Supreme Court collegium stresses on free speech, stands by elevations
The Supreme Court collegium on Thursday stressed on the importance of free speech, saying that “expression of views by a candidate does not disentitle him to hold a constitutional office”.
New Delhi Standing by its decision to appoint two lawyers as judges in the high courts of Bombay and Madras respectively, the Supreme Court collegium on Thursday stressed on the importance of free speech, saying that “expression of views by a candidate does not disentitle him to hold a constitutional office”.
The collegium, comprising Chief Justice of India Dhananjaya Y Chandrachud and justices Sanjay Kishan Kaul and KM Joseph, moved away from convention by putting out in the public domain its resolutions with detailed reasons, disclosing why the government objected to certain names and the collegium’s response. Earlier, only the decisions were released on the court website.
Notably, the collegium’s departure from the conventional practice comes at a time when the judiciary and the executive are at loggerheads over the judges’ selection mechanism and the division of powers between the two.
The lawyers in question were Somasekhar Sundaresan, who has been picked for elevation to the Bombay high court, and R John Sathyan, who has been selected for the Madras high court.
The collegium also sent back names of advocates Amitesh Banerjee and Sakya Sen for their appointment as judges to the Calcutta high court.
The collegium said that it was not open to the government to send back these names after the collegium’s reiteration in 2021.
The resolution regarding reiteration of the name of Sundaresan revealed that the government wanted the collegium to reconsider his candidature because he aired his views in social media on several matters pending before the courts. The government, in its communication dated November 25, returned Sundaresan’s name calling him a “highly biased opinionated person” who is “selectively critical on the social media on the important policies, initiatives and directions of the government”
Rejecting the objection, the collegium said that the views on social media attributed to Sundaresan do not furnish any foundation to infer that he is biased or has any political leaning, especially when these issues are in the public domain and have been extensively deliberated upon in the print and electronic media.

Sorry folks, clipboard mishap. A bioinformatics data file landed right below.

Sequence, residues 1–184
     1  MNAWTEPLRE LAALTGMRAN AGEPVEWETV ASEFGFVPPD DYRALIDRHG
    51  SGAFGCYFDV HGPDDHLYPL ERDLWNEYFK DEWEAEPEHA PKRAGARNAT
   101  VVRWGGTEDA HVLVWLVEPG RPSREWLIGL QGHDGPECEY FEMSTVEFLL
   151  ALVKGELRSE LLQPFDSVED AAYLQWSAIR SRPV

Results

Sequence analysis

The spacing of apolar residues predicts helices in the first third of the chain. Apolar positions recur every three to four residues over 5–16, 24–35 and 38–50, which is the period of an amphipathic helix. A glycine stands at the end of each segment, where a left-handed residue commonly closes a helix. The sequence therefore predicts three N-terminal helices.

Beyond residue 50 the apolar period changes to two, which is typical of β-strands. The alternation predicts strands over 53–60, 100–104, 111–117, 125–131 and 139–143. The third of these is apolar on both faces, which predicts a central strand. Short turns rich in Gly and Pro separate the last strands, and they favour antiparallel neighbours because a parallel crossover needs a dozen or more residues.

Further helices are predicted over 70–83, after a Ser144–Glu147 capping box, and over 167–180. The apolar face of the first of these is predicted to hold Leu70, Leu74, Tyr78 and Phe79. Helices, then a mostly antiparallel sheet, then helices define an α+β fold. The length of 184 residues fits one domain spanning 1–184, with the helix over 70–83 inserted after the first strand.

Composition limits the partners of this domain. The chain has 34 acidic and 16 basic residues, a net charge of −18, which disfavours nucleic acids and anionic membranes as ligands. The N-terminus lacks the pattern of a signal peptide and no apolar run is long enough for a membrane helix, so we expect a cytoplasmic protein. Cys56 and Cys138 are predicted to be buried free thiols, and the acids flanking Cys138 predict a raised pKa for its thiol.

“All citizens have the right to free speech and expression under Article 19(1)(a) of the Constitution. Expression of views by a candidate does not disentitle him to hold a constitutional office so long as the person proposed for judgeship is a person of competence, merit and integrity,” emphasised the collegium.
Sundaresan has specialised in commercial law, and the Bombay high court deals with a large volume of cases of commercial and securities laws. The resolution called him a person who possesses high integrity, honesty, skill, high order of emotional stability, firmness, serenity, legal soundness, ability and endurance, and deserves to be appointed as judge of the Bombay high court.
In the second case, the collegium pushed for the appointment of Sathyan as a judge of the Madras high court, and the resolution disclosed that the Intelligence Bureau (IB) had flagged his candidature over Sathyan sharing two posts on social media. One of these posts was an article critical of Prime Minister Narendra Modi and the second one pertained to a girl student committing suicide in 2017 after she was unable to clear NEET.
The government, citing IB’s objections, returned Sathyan’s name for reconsideration. The collegium, however, resolved to send back his name, pointing out that not only all the consultee judges had a favourable opinion about suitability of the lawyer, IB too reported that he enjoys a good personal and professional image and that nothing adverse has come to notice against his integrity.
“Shri Sathyan belongs to the Christian community. The IB report notes that he does not have any overt political leanings. In this backdrop, the adverse comments of the IB extracted above in respect of posts made by him will not impinge on the suitability, character or integrity of Shri Sathyan,” underscored the collegium, adding he is fit and suitable for being appointed as a judge of the Madras high court.
Under the memorandum of procedure (MoP) that guides the judicial appointments, the government can only object once if it does not agree with the collegium’s recommendations, but is bound by the decision after the names are reiterated.